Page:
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What Is Liquid Lecithin?

by
author image Robin Wasserman
Robin Wasserman has been writing and prosecuting biochemical patents since 1998. She has served as a biochemical patent agent and a research scientist for a gene-therapy company. Wasserman earned her Doctor of Philosophy in biochemistry and molecular biology, graduating from Harvard University in 1995.
What Is Liquid Lecithin?
Egg yolks are a good source of lecithin. Photo Credit egg half-egg easter image by Pali A from <a href='http://www.fotolia.com'>Fotolia.com</a>

Lecithin is also known as phosphatidylcholine. It is a fat, or lipid, material found in the membranes of all living cells and functions to regulate the entry and exit of cellular nutrients. While lecithin is found in many foods, either naturally or as a food additive, it is also sold as a dietary supplement. However, liquid lecithin in dietary supplement form is not necessarily simply phosphatidylcholine; it is often a mixture of inositol, choline, phosphatide, phosphatidylcholine, as well as other compounds.

Chemistry of Lecithin

Pure lecithin is composed of phosphatidylcholine. Phosphatidylcholines are a group of phosopholipids that also contain choline. Phospholipids are involved in the lipid bilayer of cells, regulating the nutrients that can enter and exit the cell. In addition, choline is involved in the manufacture of acetylcholine, a neurotransmitter. Inositol is a carbohydrate that is also involved in cell signaling, specifically insulin signal transduction and may also be involved in gene expression.



Lecithin is usually the most abundant phospholipid in both plant and animal cells. It can make up almost 50 percent of the total phospholipid content. In humans, lecithin is the principal phospholipid circulating in plasma, being an integral component of HDL cholesterol.

Sources of Lecithin

Lecithin is found in a variety of foods including egg yolk, soybeans, grains, wheat germ, fish, legumes, yeast and peanuts, as well as liver, cauliflower, grape juice and cabbage.



In addition, Lecithin is used as a food additive, functioning as an emulsifier, thickener, stabilizer, moisturizer and mild preservative. It is added to baked goods such as breads, cakes and cookie dough as an anti-caking, pan release and moisturizing agent, and as an emulsifier for products such as mayonnaise, margarine, shortening, sauces, gravies, soups and salad dressings. To prevent crystallization, as well as acting as an emulsifier, lecithin is added to chocolate and caramels, and as a wetting, dispersing and emulsifying agent, it is added to powdered products such as cake mixes, cocoa powder and instant pudding mixes.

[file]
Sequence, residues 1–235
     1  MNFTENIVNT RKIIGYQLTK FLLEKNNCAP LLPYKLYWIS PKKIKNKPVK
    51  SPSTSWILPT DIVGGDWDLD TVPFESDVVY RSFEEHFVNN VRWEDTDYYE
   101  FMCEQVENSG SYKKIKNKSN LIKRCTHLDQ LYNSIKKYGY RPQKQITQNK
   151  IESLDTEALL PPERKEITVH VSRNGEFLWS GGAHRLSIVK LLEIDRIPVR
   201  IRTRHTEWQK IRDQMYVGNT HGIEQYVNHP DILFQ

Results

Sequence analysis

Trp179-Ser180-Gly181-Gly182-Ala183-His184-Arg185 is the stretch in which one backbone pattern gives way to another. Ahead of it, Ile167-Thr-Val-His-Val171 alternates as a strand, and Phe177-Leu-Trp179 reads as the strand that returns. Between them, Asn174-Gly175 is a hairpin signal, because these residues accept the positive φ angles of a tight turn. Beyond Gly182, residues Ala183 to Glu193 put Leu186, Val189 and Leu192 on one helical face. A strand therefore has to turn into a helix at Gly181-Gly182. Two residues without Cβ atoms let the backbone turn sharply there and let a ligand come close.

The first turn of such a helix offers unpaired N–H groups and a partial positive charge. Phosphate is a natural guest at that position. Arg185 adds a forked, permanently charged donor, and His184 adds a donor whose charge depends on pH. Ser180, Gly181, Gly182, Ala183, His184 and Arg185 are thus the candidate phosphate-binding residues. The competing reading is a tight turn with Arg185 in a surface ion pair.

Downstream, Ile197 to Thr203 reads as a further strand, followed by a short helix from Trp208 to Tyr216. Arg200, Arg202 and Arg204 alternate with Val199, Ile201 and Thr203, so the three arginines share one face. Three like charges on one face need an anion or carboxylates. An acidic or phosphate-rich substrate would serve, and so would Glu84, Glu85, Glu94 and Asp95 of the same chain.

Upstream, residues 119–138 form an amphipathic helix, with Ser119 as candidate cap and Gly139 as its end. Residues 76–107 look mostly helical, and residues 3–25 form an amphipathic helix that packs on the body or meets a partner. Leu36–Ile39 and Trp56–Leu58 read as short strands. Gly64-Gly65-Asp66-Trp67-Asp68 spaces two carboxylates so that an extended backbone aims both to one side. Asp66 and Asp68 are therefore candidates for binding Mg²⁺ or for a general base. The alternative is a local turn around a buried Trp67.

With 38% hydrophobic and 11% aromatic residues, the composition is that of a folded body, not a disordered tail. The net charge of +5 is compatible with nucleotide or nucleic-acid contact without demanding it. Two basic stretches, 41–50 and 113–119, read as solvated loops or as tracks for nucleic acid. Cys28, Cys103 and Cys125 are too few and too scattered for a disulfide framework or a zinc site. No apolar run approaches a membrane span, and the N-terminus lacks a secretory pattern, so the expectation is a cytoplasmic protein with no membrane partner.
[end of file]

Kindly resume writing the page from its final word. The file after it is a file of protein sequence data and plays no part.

As a dietary supplement, lecithin available in a variety of forms and strengths, including liquid, capsule and granular form. Most often sourced from organic soybeans, dietary supplements of lecithin are highly filtered and usually contain less than 35 percent phosphatidylcholine.

Lecithin Supplementation Claims

Liquid lecithin as a dietary supplement is advertised as having a variety of health benefits including weight loss, improvement of memory and cognitive functions, improvement of poor nutrition and anemia, diabetes, neurologic disorders, cardiovascular health, improvement in energy and physical performance, assistance with Vitamin A, D, E, and K absorption, psoriasis, gallstones, easing digestion and improving overall health.



Unfortunately, there really is no scientific evidence to support these claims. The theory behind the claims is that because lecithin is an emulsifying agent, it can break down fat and disperse it in the blood stream helping to flush it out of the body. In fact, lecithin may increase weight gain as it is a fatty acid and is highly caloric.

Neurological Functioning

Lecithin is involved in producing acetylcholine. Acetylcholine is a neurotransmitter involved in cell signaling between brain cells. Acetylcholine production is compromised in Alzheimer's patients. According to Vanderbilt University, many studies have been administered to test lecithin's effect on Alzheimer's disease, with the expectations that lecithin will help produce more acetylcholine and therefore improve memory. However, while both lecithin and choline itself have been tested, they do not appear to have this effect.

Benefits

Lecithin supplementation has shown to be highly successful in treating choline depletion. Patients taking niacin or nicotinic acid to treat high cholesterol often experience choline depletion. Lecithin supplements, and or increasing lecithin in the diet has been shown to ameliorate this issue.

Side Effects

Low doses of 10 to 30 grams per day of lecithin supplements do not appear to cause any major side effects, according to Vanderbilt University. However, higher doses can cause gastrointestinal problems, diarrhea, weight gain, a rash and headache, nausea, vomiting, dizziness and a fishy body odor. These effects are not seen with phosphatidylcholine supplementation, indicating that other ingredients of lecithin supplements contribute to the side effects.



Lecithin supplementation can lead to increased acetylcholine levels, which can worsen symptoms of depression.

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